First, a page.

Reducing ibrutinib dose shown not to adversely affect CLL patient outcome

In February 2017 in a correspondence in the British Journal of Haematology, Anthony R. Mato, Abramson Cancer Center, University of Pennsylvania, Philadelphia, and colleagues published results of a multicenter retrospective study into the efficacy of dose reduction in CLL patients. Retrospective chart review was conducted for ibrutinib treated CLL patients at three institutions between January 2010 and October 2015. Reduced dose was defined as being below the approved US FDA daily dose of 420 mg for longer than 2 months at treatment initiation or within 3 months of initiation.

Key highlights:

  • Identified 197 CLL pts treated with ibrutinib (R/R CLL = 81% pts, ND CLL = 19%)
    • Reduced ibrutinib dose = 37 pts (19%)
  • No reported difference in baseline patient characteristics
  • Median ibrutinib daily dosage:
    • Standard dose group = 5.1 mg/kg
    • Reduced dose group = 4.3 mg/kg
  • Results:
    • ORR: Standard dose = 85%, Reduced dose = 84%
    • Median OS: Standard dose = not reached, Reduced dose = not reached (P = 0.5)
    • Median PFS: Standard dose = 37.4 months, Reduced dose = not reached (P = 0.6)
  • Cox-regression univariate analysis:
    • PFS: standard reduced dose = 1.2 (95% CI, 0.5–2.6)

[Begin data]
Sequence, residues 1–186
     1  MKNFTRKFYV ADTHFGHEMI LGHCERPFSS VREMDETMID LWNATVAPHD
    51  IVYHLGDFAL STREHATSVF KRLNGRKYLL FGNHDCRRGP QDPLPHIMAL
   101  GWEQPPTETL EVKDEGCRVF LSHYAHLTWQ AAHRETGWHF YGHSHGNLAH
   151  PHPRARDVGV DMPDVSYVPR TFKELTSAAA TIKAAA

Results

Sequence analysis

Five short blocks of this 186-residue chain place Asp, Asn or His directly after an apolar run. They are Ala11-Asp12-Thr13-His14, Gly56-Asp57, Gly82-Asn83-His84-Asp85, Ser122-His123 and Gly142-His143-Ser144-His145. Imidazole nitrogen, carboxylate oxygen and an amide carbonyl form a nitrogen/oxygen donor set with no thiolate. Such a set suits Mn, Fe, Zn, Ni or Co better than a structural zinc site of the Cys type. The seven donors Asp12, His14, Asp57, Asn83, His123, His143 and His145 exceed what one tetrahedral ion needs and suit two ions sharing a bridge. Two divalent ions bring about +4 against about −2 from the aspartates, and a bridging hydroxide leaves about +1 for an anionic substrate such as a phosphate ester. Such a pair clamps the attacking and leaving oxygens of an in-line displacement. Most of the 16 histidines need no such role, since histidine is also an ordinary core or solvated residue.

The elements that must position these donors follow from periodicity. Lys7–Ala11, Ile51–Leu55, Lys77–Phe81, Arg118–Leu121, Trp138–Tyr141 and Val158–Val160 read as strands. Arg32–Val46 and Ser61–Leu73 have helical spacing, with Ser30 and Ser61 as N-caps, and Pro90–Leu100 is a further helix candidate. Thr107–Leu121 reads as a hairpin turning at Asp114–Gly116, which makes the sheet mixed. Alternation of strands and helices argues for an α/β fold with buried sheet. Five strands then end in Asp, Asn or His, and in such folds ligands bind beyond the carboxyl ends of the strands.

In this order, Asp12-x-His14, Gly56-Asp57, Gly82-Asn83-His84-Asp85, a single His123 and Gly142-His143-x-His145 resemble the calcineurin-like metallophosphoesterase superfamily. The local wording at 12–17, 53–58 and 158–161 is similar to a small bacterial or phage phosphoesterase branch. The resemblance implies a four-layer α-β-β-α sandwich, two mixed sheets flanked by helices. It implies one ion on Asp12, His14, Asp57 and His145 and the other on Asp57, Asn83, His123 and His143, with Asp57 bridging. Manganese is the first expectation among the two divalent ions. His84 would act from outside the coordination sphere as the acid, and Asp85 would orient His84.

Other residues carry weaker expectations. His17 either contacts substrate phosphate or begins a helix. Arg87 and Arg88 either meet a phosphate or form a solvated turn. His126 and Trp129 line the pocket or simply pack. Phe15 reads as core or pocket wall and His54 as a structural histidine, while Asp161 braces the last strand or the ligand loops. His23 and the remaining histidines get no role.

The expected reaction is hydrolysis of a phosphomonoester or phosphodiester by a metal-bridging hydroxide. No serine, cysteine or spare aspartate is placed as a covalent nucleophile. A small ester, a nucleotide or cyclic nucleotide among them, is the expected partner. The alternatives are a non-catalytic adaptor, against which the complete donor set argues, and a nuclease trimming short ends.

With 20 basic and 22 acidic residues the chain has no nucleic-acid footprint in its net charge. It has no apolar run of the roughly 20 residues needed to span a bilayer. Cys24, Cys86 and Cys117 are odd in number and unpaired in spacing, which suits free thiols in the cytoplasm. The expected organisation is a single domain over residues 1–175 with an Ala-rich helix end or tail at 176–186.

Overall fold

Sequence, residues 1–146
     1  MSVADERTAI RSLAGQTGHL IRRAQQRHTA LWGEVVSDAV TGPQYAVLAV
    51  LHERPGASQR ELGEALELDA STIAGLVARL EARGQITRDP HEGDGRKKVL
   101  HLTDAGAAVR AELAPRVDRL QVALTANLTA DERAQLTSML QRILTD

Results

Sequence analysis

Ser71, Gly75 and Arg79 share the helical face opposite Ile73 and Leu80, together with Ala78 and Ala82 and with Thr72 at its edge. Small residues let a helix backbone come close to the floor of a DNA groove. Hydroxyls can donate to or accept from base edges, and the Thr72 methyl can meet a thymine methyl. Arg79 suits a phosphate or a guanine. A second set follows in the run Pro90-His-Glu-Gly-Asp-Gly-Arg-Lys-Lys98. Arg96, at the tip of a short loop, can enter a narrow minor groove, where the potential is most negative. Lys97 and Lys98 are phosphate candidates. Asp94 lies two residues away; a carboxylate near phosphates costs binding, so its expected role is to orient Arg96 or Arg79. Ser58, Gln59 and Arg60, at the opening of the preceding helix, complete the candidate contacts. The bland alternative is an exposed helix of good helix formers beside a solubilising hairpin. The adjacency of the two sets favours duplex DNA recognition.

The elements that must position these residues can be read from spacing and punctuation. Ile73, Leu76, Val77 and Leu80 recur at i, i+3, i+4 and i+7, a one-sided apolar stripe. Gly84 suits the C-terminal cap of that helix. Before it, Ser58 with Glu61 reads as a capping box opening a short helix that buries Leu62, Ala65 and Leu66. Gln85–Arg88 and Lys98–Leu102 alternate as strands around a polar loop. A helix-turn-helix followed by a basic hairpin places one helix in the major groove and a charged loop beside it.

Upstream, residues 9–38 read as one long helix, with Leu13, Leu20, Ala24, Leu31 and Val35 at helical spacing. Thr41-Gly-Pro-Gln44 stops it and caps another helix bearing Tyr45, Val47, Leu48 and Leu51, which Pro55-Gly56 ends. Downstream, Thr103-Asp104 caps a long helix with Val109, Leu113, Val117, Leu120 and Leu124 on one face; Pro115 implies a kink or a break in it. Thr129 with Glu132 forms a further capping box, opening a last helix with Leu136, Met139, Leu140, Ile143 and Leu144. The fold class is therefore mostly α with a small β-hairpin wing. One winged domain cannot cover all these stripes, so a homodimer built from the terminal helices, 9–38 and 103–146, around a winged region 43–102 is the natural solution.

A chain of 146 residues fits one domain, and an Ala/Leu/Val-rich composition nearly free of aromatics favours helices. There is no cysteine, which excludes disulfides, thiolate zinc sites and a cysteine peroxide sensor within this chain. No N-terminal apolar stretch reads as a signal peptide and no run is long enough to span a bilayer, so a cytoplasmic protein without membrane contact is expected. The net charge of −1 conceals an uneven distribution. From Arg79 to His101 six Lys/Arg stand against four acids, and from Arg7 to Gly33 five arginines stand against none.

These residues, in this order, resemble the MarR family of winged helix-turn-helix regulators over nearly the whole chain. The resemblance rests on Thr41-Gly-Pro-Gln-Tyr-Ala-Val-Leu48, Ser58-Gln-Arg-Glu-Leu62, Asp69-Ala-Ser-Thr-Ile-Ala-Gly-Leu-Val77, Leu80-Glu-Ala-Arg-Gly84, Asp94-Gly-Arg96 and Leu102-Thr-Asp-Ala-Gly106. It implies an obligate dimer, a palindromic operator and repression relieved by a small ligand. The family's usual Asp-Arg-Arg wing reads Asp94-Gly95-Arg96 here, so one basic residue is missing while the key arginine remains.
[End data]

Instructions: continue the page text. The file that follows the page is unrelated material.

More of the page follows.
• OS: standard reduced dose = 0.6 (95% CI, 0.14–2.7)
  • Reasons for ibrutinib dose reduction: G.I. toxicity 16%, bleeding (11%), pharmacokinetic considerations (11%)

In conclusion, the authors state that to their knowledge “this report describes the largest real-world experience of reduced dose ibrutinib in CLL patients” and that reducing ibrutinib dose has been shown for the first time to not result in poorer clinical outcome. The authors argue that future studies should consider weight-based dosing in light of this data, and that reduced dose may result in treatment cost-savings. The authors also acknowledge the small, retrospective nature of this study as being limitations, but they suggest that the data may provide reassurance in cases where reduction is required.

  1. Mato A.R. et al. Comparable outcomes in chronic lymphocytic leukaemia (CLL) patients treated with reduced-dose ibrutinib: results from a multi-centre study. British Journal of Haematology. 2017 Feb 21. DOI: 1111/bjh.14540. [Epub ahead of print: 2017 Feb 21].



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